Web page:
Whitney Day

Mrs. Day, Speech-Language Pathologist

 

The school Speech-Language Pathologist is often called other names: Communication Disorders Specialist, Speech/Language Therapist, Speech Therapist, Speech Teacher, etc. A School Speech-Language Pathologist works with special education students who demonstrate speech-language impairments which adversely affect educational performance. The school SLP can identify, evaluate, and help remediate a communication disorder/delay. Good communication skills are an important part of your child’s education! If you have any questions, please feel free to contact me at Marlow Elementary School (580) 658-3636 or email wday@marlow.k12.ok.us

 


 

Recommendations for parents to implement at home to help increase speech/language skills:

************************************************

 

For speech activities to do at home, books are the best!!

Encourage speech sounds through reading.

  • Read books with your child and ask questions about the pages, even if it’s just asking him/her to identify one picture on each page
  • Make sure your child is able to understand what you are reading by asking questions that require him to point to a picture
  • Ask questions that require them to give a verbal response (“What color is the bird?” “Where does he fly?”)
    • ​If it is difficult for your child to answer on his own, offer choices (“Where does the bird fly...in the water or in the sky?”)
  • ​To help with articulation, ask your child to label pictures that contain their target sound
  • Read favorite books over and over. Encourage your child to join with words he knows will come next.
  • Encourage pretend reading by allowing your child to “read” a book to you
  •  

  •  

 

Below is a list of children’s books full of early developing sounds.

(The number of times a sound occurs in the story is listed under each book.)

 

Lionni, Leo. Fish is Fish. New York: Pathoeon Books, 1970.

​p- 17       b- 11      m- 22    k- 23     g- 13    t- 44     d- 37

 

Potter, Beatrix. The Tale of Peter Rabbit. New York: Scholastic, 1985.

p- 22     b- 29     m- 30     k- 40     g - 16     t- 59    d- 42

 

Seuss, Dr. The Cat in the Hat. New York: Random House, 1968.

p- 19     b- 15     m- 20     k- 32     g- 7     t- 50     d- 25

 

Steig, William. Dr. De Soto. New York: Farrar, Straus, and Giroux, 1982.

p- 40     b- 26     m- 38    k- 23     g- 17     t- 98     d- 80

 

Tresselt, Alvin. White Snow, Bright Snow. New York: Mulberry Books, 1988.

p– 42     b- 33     m- 34    k- 47     g- 14    t- 105     d- 66

 

Viorst, Judith. Alexander and the Terrible, Horrible, No Good, Very Bad Day.

New York: Atheneum, 1975.

p- 25     b- 29     m- 22    k- 50     g- 8    t- 59     d- 40


Verbal games:

  • Guess What (guess what has sharp teeth and orange/black stripes)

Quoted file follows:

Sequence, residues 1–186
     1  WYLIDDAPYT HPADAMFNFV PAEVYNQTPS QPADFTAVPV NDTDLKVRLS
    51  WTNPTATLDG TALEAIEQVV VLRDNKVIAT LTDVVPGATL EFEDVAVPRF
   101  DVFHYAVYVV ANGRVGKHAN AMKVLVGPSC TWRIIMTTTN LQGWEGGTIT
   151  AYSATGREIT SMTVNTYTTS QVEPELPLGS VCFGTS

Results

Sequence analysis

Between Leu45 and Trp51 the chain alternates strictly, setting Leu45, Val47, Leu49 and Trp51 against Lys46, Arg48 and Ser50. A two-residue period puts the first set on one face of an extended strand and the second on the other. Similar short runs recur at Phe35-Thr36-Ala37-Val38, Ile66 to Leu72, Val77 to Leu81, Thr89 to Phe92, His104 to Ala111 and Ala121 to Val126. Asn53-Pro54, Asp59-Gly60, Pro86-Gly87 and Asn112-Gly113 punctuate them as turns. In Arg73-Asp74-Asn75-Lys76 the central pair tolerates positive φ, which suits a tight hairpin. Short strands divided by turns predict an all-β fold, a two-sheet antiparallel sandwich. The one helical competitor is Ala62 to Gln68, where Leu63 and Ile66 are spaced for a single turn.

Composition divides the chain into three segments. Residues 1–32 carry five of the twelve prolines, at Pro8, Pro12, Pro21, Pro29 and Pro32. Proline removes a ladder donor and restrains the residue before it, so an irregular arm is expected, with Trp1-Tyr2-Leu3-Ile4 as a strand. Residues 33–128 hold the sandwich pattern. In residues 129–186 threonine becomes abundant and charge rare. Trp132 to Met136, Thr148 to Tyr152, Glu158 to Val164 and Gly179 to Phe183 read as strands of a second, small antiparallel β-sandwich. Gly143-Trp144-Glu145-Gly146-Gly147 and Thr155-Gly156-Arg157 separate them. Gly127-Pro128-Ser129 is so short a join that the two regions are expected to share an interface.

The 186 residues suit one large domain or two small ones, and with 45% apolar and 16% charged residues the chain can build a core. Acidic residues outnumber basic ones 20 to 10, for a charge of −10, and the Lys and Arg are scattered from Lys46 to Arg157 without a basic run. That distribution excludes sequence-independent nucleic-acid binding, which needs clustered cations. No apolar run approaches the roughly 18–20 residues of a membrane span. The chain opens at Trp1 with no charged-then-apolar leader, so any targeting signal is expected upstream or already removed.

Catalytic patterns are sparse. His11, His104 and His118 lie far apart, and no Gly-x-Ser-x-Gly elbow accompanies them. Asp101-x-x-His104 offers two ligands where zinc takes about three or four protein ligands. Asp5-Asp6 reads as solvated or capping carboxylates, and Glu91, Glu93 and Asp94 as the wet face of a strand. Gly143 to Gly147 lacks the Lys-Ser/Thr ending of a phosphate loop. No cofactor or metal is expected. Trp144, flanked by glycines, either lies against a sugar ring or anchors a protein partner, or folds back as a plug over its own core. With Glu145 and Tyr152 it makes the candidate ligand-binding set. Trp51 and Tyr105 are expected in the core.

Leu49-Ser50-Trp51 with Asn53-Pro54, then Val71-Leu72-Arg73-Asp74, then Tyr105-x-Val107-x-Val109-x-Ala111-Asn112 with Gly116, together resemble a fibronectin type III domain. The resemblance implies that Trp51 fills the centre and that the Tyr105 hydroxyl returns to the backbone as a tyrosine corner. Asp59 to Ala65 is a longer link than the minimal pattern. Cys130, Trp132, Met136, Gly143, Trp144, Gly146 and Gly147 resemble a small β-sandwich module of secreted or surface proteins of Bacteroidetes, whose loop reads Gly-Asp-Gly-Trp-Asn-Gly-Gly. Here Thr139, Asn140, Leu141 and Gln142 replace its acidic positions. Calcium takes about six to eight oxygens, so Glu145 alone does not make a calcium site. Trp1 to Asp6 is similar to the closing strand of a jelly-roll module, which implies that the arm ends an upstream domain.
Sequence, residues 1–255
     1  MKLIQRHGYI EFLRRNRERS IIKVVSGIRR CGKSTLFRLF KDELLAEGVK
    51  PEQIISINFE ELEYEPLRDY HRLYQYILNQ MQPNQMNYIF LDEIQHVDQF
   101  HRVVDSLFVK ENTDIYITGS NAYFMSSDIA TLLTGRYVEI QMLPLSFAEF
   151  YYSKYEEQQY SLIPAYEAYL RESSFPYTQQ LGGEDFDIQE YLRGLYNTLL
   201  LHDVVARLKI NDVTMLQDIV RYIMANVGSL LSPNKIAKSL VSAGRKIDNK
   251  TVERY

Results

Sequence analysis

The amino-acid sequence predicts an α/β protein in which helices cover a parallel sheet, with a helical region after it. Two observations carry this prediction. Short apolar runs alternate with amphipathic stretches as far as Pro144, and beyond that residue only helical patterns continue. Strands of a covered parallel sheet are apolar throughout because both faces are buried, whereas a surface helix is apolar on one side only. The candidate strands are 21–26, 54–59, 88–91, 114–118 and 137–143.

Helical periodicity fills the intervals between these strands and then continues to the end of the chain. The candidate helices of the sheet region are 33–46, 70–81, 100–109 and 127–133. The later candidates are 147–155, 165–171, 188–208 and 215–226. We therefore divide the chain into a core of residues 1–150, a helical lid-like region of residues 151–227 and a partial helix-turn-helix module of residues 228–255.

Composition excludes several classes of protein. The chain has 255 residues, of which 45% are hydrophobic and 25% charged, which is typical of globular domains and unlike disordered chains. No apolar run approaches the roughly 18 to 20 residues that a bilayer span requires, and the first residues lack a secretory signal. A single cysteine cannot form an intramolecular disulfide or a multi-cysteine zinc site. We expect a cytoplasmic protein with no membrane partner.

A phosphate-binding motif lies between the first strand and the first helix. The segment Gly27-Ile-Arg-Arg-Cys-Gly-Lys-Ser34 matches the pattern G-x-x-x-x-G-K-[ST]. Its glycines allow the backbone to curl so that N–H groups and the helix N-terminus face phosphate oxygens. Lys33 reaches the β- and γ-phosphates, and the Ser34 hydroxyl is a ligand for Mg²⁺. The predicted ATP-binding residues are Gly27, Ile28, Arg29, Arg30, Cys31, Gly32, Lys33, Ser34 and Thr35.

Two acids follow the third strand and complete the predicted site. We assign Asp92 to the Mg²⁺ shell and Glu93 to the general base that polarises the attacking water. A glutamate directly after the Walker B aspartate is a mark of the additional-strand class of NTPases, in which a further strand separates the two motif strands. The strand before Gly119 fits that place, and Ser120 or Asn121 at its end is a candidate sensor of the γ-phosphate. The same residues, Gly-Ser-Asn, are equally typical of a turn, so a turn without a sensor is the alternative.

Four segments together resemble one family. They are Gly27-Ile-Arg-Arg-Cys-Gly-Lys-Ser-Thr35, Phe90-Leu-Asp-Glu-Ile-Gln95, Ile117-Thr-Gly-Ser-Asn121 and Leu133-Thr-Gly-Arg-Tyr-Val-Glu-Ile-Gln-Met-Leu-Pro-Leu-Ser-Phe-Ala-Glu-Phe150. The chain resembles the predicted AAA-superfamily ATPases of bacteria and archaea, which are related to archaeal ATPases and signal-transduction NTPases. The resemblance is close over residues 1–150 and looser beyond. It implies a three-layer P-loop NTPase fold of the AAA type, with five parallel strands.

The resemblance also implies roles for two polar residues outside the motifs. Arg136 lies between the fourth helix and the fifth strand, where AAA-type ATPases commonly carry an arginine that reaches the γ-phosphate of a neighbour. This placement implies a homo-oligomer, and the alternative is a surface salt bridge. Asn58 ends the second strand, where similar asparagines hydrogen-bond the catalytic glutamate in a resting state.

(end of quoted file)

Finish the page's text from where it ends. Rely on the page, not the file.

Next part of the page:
• Yes or No (“Dogs have 2 feet” child says “no”
  • Which One Doesn't Belong and Why?: ("apple, milk, banana")
  • Categories: parent states items in a category (i.e, socks, shirts, pants)  and child responds with the category (i.e, clothes)
  • Categories: Parent says a category (i.e, clothes) and child responds with items that belong to that category (socks, pants, shirts)
  • I Spy
  • Hotter/Colder: hide something and guide with clues
  • Simon Says
    • Start out by being "Simon", giving directions like "touch your nose", "touch the floor", "clap your hands", "walk to the door"
    • Work up to harder ones like "touch your knees and clap your hands", "put a jelly bean under the napkin," etc.
    • Then have your child be "Simon" and help him to give the directions if needed. 

 


 

Articulation Practice:

Pick a time each day to practice.  Don’t practice for hours!  You are the best judge on how long to work.  Usually working for 15-minute sessions once a day is sufficient.

Take the sound your child is working on and develop word lists that you can read to your child, or pictures that have the target sound in them.  These pictures can be used for naming and for playing games.  Playing games is a great way to extend your practice time.  Your child is still practicing the sounds, but in a more fun way!

Keep the practice words simple!   Don’t choose long, complicated words.  Try to pick words that your child uses in their everyday speech.  This will help their everyday speech become more understandable.

 

Fun Articulation Practice...“in a box!”

1) Make a “mystery box” using common household objects and your child’s toys. Cut a slot in the top of a good-sized box. Make sure that your child’s hands plus an object fit through the slot.

2) Help your child decorate the box the way he/she wants it to look. This makes the child feel like he/she is participating and provides a great language-building activity.

3) Pick 10-15 objects, letter cards, or syllable cards with your child’s target sound in them and, without your child seeing,“hide” them in the Mystery Box.

4) Let your child choose an object/card and say/name it, use it in a phrase, sentence, or ask questions to elicit conversation.

5) Continue until your child sees all objects and completes each task.

Whitney Day

Upcoming Events

Contact Whitney Day

School Phone:
(580) 658-3636
Conference Time:
Please call or email to schedule a meeting time!